The games in Buffalo and Philly made a lasting impact on how North American players viewed the Soviets. The Soviets were now stuck with the label of soft, afraid to hit and would melt in a physical game. It’s a stereotype that has largely lasted even to today as European players are now a large part of the NHL. No matter the great accomplishments of these players they still can’t distance themselves from the beatings handed to the Soviets by the Sabres that in 1976.


Brewitt, Ross.  26 Seasons in Buffalo’s Memorial Auditorium.  TFB Press, 1997.

“Canada-Soviet Hockey Series”. CBC Digital Archives. <>.

Joyce, Gare (December 28, 2007). “John Ferguson, 1938-2007”.   (ESPN).  < Retrieved May 21, 2008>.

Sabres April Fools Jokes

Originally posted on 4/1/2001

The Sabres have a long history of practical jokes – from drafting a made -up Japanese player to this gem of an April Fool’s broadcast.

OK, coffee is having its impact. The Sabres have been a somewhat cheeky franchise from their inception. As the saying goes, hockey is a game and games are supposed to be fun. Thankfully the Sabres have had some employees with some great senses of humor

I don’t claim this is a complete list of practical jokes, just one that’s been around since the old history site. But it’s a good many of them, most involved Paul Wieland or John Gurtler.

Perhaps the most famous practical joke in Sabres’ history happened in the 1974 draft. This joke was the masterpiece of the Sabres all time practical joker Paul Weiland, who worked in the Sabres’ public relations department for a couple of decades until the 90’s. In ’74 teams would call in their picks to Clarence Campbell, the NHL’s president at the time. Drafts were very long, and after the tenth round Wieland thought it would be funny to force Campbell to spell a long, foreign name. Wieland drove past a Japanese restaurant called  Tsujimoto’s nearly every day. Wieland got in touch with the International Institute and was provided the Japanese name for Saber – Taro. Thus with the 183rd pick in the 1974 draft the Buffalo Sabres drafted Taro Tsujimoto. Wieland didn’t tell the Knox Brothers he made Taro up merely because he was bored; he essentially burned a draft pick for a joke. So Wieland held his tongue. Taro made it to the training camp roster was provided a stall and equipment. In the St. Catherines hotel the team stayed in for training camp, coach Floyd Smith and Wieland had Taro paged by the hotel. The Knoxes saw a man enter the lobby who looked Japanese to them. They introduced themselves but finally clued into the joke when Wieland, Smith and others filled the lobby with laughter. I wonder if anyone would have the courage to try that joke in modern times? We may take our sports too seriously now.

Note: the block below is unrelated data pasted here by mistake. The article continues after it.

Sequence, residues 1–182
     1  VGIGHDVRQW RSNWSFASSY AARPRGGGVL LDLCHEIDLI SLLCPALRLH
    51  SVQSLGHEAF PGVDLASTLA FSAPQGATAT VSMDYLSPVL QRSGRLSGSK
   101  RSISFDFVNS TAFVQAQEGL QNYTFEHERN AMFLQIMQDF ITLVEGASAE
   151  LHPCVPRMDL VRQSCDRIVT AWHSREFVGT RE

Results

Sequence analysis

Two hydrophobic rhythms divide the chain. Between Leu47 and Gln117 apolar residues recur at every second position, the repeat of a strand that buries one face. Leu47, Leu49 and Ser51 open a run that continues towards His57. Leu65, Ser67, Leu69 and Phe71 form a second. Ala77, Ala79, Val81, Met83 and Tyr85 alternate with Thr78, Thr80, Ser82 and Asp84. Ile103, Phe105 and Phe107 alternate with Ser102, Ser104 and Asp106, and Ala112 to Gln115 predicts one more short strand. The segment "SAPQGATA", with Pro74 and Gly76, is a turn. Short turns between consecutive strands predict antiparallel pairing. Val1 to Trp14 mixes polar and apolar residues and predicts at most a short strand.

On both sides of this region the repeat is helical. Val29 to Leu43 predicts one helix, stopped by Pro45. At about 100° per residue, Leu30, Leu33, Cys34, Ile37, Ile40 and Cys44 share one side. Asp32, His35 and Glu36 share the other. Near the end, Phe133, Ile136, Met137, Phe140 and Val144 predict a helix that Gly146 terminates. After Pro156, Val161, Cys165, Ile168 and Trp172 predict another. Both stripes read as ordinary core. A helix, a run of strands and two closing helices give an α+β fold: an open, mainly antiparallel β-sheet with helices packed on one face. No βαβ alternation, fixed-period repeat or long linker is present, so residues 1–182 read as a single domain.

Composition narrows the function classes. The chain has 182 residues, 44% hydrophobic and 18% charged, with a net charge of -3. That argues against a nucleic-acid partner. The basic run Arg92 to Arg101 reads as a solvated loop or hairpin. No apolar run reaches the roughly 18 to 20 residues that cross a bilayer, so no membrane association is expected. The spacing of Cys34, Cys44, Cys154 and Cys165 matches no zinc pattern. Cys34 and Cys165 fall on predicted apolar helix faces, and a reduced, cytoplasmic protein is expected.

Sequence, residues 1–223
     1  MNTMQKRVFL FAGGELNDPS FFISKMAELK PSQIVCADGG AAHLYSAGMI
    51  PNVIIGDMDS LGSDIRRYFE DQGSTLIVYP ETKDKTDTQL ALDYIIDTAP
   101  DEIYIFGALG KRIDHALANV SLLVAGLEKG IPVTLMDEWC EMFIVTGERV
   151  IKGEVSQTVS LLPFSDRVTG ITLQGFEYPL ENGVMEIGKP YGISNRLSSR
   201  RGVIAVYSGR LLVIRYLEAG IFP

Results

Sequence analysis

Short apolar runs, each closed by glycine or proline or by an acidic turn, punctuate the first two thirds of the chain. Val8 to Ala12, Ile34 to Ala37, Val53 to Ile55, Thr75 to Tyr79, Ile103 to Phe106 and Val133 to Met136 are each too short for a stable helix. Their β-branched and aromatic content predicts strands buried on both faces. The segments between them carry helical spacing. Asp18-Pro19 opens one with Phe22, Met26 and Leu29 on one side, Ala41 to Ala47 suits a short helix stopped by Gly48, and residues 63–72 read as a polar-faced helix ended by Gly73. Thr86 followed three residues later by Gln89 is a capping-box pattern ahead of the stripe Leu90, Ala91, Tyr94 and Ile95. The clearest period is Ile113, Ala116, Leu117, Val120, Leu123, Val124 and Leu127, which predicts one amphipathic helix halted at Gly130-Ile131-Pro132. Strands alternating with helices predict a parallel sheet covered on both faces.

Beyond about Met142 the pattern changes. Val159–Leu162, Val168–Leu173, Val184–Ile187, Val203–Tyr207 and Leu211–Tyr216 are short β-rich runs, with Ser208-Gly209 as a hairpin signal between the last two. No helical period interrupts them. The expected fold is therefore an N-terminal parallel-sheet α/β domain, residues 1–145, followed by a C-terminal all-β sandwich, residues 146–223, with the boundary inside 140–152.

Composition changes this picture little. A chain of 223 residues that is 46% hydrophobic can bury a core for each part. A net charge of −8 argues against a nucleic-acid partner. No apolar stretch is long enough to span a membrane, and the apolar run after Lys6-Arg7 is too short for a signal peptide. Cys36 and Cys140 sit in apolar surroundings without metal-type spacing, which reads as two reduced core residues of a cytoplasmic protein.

In 1976, the USS Little Rock was decommissioned. This is the same ship that sits today in Buffalo’s Naval Museum. In ’76 the Sabres issued a press release that stated the Sabres were purchasing the Little Rock for the official team yacht. CBS spoke with Punch Imlach about the purchase. Punch stated the paperwork wasn’t final and the Sabres were still considering other vessels for the team yacht. Imlach issued no denial; the Sabres duped the media in this instance

In 1987 the Sabres issued a press release about the creation of Sabre Meadows, a 43,000 unit housing development the team would build behind Sabreland in Wheatfield, NY. WBEN called the Sabres about the release only to be asked by then assistant public relations director Budd Bailey (and in my opinion the greatest historian on the team) if 43,000 didn’t seem like a lot of units? And did WBEN take note of the date? The release was issued on April first.

Wieland was the force behind the Sliderex hoax. The Sabres informed the league they were replacing the Aud’s ice with Sliderex, a revolutionary plastic surface. The team listed the Prime Minister of Canada as the inventor of Sliderex and issued the release in March with a “hold for April 1” on it. However, the media once again proved… let’s say, gullible. Sliderex was announced on the Buffalo 11 p.m. news and it was even reported the only flaw in Sliderex was that a lit cigarette could burn a hole in it.

Wieland also came out with lifetime leases to one square foot of Aud ice, an interview held in German with Dieter Weber about German players, complete with subtitles, and interviewed Whalers’ Greg Malone – whom Wieland called the NHL’s leading hooker, complete with hooking demonstrations (think Slapshot and not in the gutter!).

John Gurtler, perhaps most famously known for GOOOOOOOOOOOOAL and making people’s brains hurt after he took over for Ted Darling as the Sabres’ play by play man on television broadcasts was another practical joker. In 1988 Gurtler made up a character named Wink Dickerson, the “Ted Knight” of sports broadcasting. Dickerson was on the broadcast to showcase the Sabres Shopping Service which offered such things as Puppa Scoopa, Sabres Cologne to make you smell like a hockey player, and Benoit Hogueee sandwiches. Gurtler even had Wieland and Bailey call in to pretend to be customers purchasing products.